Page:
JACKSON, Miss. (WLBT) - Exclusive documents uncovered by 3 On Your Side show just how much sexual harassment lawsuits lobbed against Hinds County Sheriff Victor Mason could cost taxpayers: $230,000.
It took the Hinds County Sheriff’s Department almost four months to produce the settlements, citing confidentiality clauses and a federal judge’s order that supposedly sealed them.
3 On Your Side filed a public records request to get these in mid-January, shortly after news broke that the sheriff had reached settlements with the women in two cases.
Though we were told the settlements had confidentiality clauses, the Mississippi Ethics Commission ruled in 2018 that no public body can agree to make a public record confidential by contract; rather it must be grounded in law or a court decision.
This ruling came after in response to a public records complaint WLBT filed with the Mississippi Ethics Commission against the city of Jackson in 2016 after city employees failed to produce records considered public by state law.
Claire Barker, attorney for the Hinds County Sheriff’s Department, then said a court had ruled the settlements would be sealed, and we would have to petition the U.S. District Court to get the documents.
WLBT brought in legal counsel to ensure the Hinds County Sheriff’s Department would produce the documents under state law.
Barker said a federal judge had given a verbal order to seal the documents in both cases, but she could not produce transcripts to back up this claim and ultimately released the settlements to WLBT.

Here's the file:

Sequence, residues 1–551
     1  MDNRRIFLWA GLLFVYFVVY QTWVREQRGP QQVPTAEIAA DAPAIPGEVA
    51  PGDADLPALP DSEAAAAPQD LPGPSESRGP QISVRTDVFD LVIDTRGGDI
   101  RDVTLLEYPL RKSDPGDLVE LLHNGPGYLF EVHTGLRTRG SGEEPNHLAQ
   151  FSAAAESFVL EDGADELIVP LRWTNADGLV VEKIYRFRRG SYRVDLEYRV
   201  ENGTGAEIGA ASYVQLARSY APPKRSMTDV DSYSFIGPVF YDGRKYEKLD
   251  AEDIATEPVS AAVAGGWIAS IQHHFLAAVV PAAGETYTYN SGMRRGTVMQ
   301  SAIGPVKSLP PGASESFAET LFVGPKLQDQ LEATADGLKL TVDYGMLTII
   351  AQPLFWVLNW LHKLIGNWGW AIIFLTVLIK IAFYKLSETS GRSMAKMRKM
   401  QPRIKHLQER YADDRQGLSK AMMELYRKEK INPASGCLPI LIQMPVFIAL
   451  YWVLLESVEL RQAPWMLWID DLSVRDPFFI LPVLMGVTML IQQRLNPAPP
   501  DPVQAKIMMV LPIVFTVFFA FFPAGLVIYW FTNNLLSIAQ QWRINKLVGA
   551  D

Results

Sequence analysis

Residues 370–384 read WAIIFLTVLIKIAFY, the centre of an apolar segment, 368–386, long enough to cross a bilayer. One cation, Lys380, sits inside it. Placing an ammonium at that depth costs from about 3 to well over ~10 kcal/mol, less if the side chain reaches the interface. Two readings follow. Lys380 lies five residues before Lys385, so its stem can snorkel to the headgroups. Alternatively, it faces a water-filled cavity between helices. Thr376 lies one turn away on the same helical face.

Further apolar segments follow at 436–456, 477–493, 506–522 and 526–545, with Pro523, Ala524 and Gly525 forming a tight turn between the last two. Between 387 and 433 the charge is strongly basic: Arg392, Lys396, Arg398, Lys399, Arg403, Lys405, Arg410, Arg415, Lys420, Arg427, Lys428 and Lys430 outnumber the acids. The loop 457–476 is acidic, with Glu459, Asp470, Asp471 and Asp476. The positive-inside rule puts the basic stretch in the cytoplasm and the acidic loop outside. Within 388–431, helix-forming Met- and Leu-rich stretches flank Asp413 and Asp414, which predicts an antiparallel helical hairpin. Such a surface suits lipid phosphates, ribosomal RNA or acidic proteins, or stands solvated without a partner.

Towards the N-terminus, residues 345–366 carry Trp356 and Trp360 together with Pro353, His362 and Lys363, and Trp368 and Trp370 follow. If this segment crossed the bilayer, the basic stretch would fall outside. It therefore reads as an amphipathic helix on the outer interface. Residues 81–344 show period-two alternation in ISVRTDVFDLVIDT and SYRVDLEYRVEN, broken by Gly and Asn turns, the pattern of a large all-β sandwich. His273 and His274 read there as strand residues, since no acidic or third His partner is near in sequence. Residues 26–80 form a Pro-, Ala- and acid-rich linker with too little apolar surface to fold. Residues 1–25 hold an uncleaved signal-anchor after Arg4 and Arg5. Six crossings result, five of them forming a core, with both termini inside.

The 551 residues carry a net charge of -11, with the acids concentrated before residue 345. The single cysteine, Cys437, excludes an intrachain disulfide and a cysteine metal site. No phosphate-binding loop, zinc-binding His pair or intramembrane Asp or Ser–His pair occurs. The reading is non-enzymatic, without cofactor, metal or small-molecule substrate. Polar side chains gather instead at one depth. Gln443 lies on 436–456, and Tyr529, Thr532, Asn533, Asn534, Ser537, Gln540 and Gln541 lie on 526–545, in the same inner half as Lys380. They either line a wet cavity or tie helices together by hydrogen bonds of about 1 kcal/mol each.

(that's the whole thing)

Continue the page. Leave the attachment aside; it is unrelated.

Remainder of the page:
The women involved in these suits will get nearly a quarter-million dollars for what they dealt with as Hinds County deputies, and the sheriff won’t have to pay a dime.
The documents show Cheryl Matory will receive $150,000 and Belendia Jones will get $80,000.
Matory filed a lawsuit against Mason in December 2016, claiming the sheriff created a sexually hostile work environment and practiced sexual and racial discrimination.
In the lawsuit, Matory said Mason fired her for not arranging sexual encounters between him and another officer, Tomeca Barnes.
The other suit, filed by Jones in February of 2017, claims Mason sexually harassed her through explicit and threatening text messages.
Those women both claim they weren’t paid the wages Mason promised when they were hired.
The settlements spell out that Sheriff Mason does not admit any responsibility or liability.
3 On Your Side reached out to Mason and he agreed to talk about the lawsuits, but said he didn’t have time to do so Thursday.
He then directed us to Barker, who said Mason cannot speak about the allegations or lawsuits because he could get sued as a result.